Updated as of June 11 at 6:39 p.m. to include video 

It has been 1,578 days since the mass shooting at Marjory Stoneman Douglas High School that sparked the youth-led March for Our Lives movement. 1,540 days after the first demonstration, thousands of people gathered once again Saturday in Raleigh, Washington D.C. and across the country to protest a recent string of national gun violence. 

The June 11 marches come after mass shootings at a medical building in Tulsa, Oklahoma, June 1, Robb Elementary School in Uvalde, Texas, May 24 and a supermarket in Buffalo, New York, May 14 — just three of more than 200 mass shootings in 2022 so far.

Four years later 

Organized by Marjory Stoneman Douglas High School students after the shooting in Parkland, Florida, the first March for Our Lives demonstration was one of the largest single-day protests against gun violence in U.S. history, according to the movement’s website. Over the last four years, survivors and activists nationwide have worked to enact legislative change. 

Yet, since 2018, there have been 119 school shootings. As of June 6, there have been 27 school shootings this year, according to Education Week, which classifies a school shooting as a firearm-related injury or death. 


Tomorrow Laura McDow will graduate high school, and instead of celebrating the achievement today, she’s calling for change. 

McDow, one of the organizers of today’s protest, has been involved with the North Carolina chapter of March for Our Lives since 2018. 

“I am a high school senior, and I’ve spent formative years living through lockdown drills and experiencing the effects of gun violence and mass shootings,” McDow said. “It’s important to me that people feel that they have an outlet to express their anger and their frustration.” 

After the Uvalde shooting, McDow noticed people were feeling helpless. For her, the goal of the rally was to help channel that helplessness into action.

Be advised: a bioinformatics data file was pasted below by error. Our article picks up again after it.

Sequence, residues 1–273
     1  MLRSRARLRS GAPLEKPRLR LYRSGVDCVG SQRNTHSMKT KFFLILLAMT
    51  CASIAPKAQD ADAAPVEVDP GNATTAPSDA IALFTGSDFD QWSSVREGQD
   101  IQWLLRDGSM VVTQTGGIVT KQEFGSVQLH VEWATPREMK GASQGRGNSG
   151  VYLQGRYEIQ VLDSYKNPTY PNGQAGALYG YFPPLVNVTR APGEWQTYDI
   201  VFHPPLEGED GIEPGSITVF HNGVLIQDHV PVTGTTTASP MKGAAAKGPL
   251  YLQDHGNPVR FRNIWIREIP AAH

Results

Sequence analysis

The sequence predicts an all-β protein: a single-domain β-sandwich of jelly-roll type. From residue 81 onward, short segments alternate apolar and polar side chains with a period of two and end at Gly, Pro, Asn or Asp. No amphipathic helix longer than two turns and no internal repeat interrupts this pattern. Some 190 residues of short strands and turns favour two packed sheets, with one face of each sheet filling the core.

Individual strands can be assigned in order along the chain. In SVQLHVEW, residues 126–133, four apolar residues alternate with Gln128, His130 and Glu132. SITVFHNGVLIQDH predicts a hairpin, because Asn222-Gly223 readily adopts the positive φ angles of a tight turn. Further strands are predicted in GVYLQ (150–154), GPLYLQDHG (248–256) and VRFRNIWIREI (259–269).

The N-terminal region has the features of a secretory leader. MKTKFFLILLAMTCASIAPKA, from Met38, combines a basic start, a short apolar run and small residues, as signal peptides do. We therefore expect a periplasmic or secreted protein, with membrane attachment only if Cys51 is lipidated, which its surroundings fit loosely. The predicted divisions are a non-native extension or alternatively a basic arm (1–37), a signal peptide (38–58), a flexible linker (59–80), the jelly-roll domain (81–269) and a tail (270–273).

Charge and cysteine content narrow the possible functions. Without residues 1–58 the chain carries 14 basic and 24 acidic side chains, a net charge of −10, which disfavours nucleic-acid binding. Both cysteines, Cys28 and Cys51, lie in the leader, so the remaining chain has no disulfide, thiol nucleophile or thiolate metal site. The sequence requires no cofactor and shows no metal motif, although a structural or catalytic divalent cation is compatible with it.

McDow voted for the first time this year and said she, along with thousands of others, want their “elected officials to know that this is ridiculous and outrageous and that they can’t just continue with their inaction.” 

Standing in solidarity 

Jenna DeCandio came to the protest not just as a supporter, but as a survivor of gun violence. DeCandio and her family were at the 2017 Route 91 music festival in Las Vegas when she was shot.

“I was like a lot of the country, very passive, like, ‘Yeah, this needs to change, I don’t agree with what’s happening,’” DeCandio said. “Having it directly change the course of my life is very impactful.”

DeCandio stood in solidarity today with the hope that other people will never have to experience what she did. 

“I am very fortunate that I’m still here,” DeCandio said. “It's really unfortunate that was in 2017, and things have not changed. It’s time to make change, so that’s why I’m here.” 

Recent events also struck a chord with Breanna and Ryan Erlenmeyer, parents of two young children, with one starting kindergarten in just two months.

Since Uvalde, Breanna said she’s cried a lot, fearing this is something that could happen at her daughter’s school. The pair were driven to change and attended the protest with their children. 

Also in attendance was Greg Wallace, a concerned parent who’s said he’s had enough.